In the 1920s, European classical composers—including Debussy, Stravinsky, Ravel, and Milhaud— incorporated jazz elements, some in the spirit of exploration, some in pursuit of fashion. In the 1950s, such American jazz musicians as John Lewis (of the Modern Jazz Quartet) and Gunther Schuller reversed the tide in what Schuller named the Third Stream. Today, artists from both sides of the border—from the Kronos Quartet and Bang on a Can to Keith Jarrett and Esperanza Spalding— cross back and forth freely.
Guitarist Joel Harrison, a Washington D.C. native who lived in the Bay Area for a decade before moving to New York in 1999, has filled his musical passport with stamps from Tibet, India, Bulgaria, Bali, China, and West Africa. But his experimentation with classical influences sets the tone for Search. Harrison has already proven himself a master in the field. When he wrote for woodwinds on 1997’s Range of Motian, for string quartet on 2009’s The Wheel, and for cello and violin on 2010’s Life Force, his music never felt forced or Frankensteinian.
On Search, he leads his septet—with tenor saxophonist Donny McCaslin, pianist and Hammond B-3 ace Gary Versace, violinist Chris Howes, cellist Dana Leong, bassist Stephan Crump, and drummer Clarence Penn—through five original pieces (from just over two to just under 15 minutes in length) and two cover versions that couldn’t be more disparate. It’s the eight-and-a-half minute interpretation of “Whipping Post” that’s sure to attract the most attention, and deservedly so. As iconic as the Allman Brothers’ live At Fillmore East rendition might be, and as big a hoot Frank Zappa made of the song (after subtitling one of his own tunes “Whipping Floss”), this version is an instant classic. It recreates that powerful churning rhythm and adds choppier jazz drumming accents; it offers searing blues-rock slide guitar and soaring sax over soulful organ; and it boasts a Leong cello solo that takes the music into a new stratosphere. The second cover, Olivier Messiaen’s “O Sacrum Conivium,” follows immediately and gives the listener a six-minute respite in a lighter, more contemplative musical space.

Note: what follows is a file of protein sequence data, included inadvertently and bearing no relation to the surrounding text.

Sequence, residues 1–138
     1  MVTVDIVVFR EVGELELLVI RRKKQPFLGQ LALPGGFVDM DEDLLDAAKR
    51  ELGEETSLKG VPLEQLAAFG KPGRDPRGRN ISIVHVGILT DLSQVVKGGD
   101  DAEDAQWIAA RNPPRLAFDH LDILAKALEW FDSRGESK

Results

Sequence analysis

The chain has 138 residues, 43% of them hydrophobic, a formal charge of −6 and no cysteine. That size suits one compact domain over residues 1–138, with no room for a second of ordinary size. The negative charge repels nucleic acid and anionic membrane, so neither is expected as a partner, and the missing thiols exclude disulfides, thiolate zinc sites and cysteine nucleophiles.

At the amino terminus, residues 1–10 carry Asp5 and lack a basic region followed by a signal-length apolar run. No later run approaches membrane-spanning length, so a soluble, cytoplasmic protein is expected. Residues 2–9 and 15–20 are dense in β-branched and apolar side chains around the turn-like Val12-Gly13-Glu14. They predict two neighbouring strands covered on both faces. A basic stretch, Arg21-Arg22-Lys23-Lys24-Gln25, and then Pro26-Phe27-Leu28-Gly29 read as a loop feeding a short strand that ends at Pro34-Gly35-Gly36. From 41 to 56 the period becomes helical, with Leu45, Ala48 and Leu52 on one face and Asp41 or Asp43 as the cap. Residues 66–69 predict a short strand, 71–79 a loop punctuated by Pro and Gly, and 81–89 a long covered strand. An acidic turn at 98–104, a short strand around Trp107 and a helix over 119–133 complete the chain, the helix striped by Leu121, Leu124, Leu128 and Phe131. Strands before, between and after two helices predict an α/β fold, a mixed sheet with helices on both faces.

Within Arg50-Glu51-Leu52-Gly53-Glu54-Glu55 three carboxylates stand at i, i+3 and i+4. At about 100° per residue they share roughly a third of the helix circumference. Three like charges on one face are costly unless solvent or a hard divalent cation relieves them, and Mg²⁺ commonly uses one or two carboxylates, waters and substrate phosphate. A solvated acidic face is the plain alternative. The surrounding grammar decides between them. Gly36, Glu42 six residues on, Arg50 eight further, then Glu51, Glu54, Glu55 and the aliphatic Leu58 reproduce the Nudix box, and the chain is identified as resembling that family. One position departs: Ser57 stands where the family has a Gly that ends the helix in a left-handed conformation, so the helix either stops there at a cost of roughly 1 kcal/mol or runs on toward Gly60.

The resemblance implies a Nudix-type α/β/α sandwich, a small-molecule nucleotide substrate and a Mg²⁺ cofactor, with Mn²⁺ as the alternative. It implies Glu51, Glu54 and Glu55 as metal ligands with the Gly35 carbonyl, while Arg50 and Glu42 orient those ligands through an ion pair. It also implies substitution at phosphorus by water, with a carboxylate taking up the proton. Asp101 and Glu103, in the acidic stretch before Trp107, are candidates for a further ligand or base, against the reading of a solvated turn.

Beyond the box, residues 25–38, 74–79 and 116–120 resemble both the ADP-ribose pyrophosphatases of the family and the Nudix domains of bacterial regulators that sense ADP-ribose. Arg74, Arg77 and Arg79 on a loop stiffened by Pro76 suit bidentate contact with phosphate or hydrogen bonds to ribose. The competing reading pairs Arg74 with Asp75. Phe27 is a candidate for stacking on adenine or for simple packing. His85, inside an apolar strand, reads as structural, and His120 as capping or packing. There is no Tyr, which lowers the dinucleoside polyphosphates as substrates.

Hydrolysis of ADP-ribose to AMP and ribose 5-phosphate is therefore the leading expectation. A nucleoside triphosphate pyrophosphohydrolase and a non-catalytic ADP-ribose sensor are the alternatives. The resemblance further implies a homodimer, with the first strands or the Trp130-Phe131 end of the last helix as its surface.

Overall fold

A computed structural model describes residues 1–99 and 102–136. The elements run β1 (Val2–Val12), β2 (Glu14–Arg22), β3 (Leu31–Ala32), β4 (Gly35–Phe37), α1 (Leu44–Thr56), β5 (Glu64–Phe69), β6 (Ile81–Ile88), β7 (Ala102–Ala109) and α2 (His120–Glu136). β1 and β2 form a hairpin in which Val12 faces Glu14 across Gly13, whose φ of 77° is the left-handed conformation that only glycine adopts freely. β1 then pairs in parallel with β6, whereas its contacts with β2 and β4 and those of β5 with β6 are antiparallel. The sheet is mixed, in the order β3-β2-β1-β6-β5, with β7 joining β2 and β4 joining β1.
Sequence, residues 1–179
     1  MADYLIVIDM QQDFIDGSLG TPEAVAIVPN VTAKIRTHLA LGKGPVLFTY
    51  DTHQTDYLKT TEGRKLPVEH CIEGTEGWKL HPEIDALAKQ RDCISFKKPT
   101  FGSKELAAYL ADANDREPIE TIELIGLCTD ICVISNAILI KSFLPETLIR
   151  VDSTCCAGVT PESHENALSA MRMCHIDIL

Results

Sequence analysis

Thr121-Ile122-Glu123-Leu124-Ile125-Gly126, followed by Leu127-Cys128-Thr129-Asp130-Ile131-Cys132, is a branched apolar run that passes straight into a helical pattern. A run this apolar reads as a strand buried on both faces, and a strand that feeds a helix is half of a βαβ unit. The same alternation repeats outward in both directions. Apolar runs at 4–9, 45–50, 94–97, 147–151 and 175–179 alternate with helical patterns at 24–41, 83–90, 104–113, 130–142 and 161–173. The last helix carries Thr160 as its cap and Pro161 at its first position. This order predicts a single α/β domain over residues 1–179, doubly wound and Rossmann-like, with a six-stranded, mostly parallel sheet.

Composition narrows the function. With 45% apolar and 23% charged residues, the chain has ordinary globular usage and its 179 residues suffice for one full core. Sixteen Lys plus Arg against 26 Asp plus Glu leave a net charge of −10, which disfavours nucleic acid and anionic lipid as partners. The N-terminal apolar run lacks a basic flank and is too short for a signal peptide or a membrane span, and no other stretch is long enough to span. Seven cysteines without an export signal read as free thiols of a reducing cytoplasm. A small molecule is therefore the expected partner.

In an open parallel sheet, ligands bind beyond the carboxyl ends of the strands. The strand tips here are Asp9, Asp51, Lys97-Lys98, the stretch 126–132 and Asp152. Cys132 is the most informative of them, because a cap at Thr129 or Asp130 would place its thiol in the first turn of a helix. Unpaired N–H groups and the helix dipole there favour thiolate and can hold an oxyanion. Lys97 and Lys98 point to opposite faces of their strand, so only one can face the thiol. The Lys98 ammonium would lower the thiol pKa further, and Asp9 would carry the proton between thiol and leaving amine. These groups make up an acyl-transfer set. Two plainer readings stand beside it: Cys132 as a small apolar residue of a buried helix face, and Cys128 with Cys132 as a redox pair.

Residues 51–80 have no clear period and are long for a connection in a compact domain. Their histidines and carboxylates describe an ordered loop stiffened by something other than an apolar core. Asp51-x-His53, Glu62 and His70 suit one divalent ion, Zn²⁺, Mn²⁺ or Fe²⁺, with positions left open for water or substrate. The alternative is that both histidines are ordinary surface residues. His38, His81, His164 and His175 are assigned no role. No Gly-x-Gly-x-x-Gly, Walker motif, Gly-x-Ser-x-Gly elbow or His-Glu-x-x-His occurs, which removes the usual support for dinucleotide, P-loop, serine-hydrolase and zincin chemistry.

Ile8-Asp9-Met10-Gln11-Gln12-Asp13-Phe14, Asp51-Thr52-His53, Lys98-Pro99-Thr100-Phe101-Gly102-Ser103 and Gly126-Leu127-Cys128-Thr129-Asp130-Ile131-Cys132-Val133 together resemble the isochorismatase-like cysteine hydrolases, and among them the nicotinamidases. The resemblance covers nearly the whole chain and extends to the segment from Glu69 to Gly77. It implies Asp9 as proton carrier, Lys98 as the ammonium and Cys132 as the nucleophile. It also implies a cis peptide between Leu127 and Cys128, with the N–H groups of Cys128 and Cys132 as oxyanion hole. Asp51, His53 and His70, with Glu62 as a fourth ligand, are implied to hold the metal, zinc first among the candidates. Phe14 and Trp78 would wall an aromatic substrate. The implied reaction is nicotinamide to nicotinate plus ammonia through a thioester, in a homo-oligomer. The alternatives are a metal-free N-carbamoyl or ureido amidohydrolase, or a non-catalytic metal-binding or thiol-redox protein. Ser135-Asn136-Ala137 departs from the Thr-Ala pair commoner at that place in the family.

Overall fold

That contrast is similar to the one “Whipping Post” provides against the gravitas of the four extended Harrison compositions that precede it. The heaviest is the 15-minute “A Magnificent Death.” It features the voice of Harrison’s friend Jim Estabrook, recorded at his bedside while he was dying of cancer, and provides the album’s musical and emotional touchstone. Here, as in the album opener “Grass Valley and Beyond,” Harrison owes less to the European composers who borrowed from jazz than to his homeland forebears Aaron Copland and Charles Ives. Harrison’s Search is a kind of jazz-classical Americana (akin to that of Bill Frisell), which is not surprising given that he has recorded Appalachian tunes and songs by Woody Guthrie, Merle Haggard, and Johnny Cash.
As a player, Harrison doesn’t bury his guitar playing on these tracks, which occupy wide and deep sonic spaces with finely nuanced detail, but neither does he draw attention to it. His timbres are as multifarious, carefully rendered, and free of cliché as his arrangements. There is no realm, it seems, that he cannot inhabit with eloquence and grace.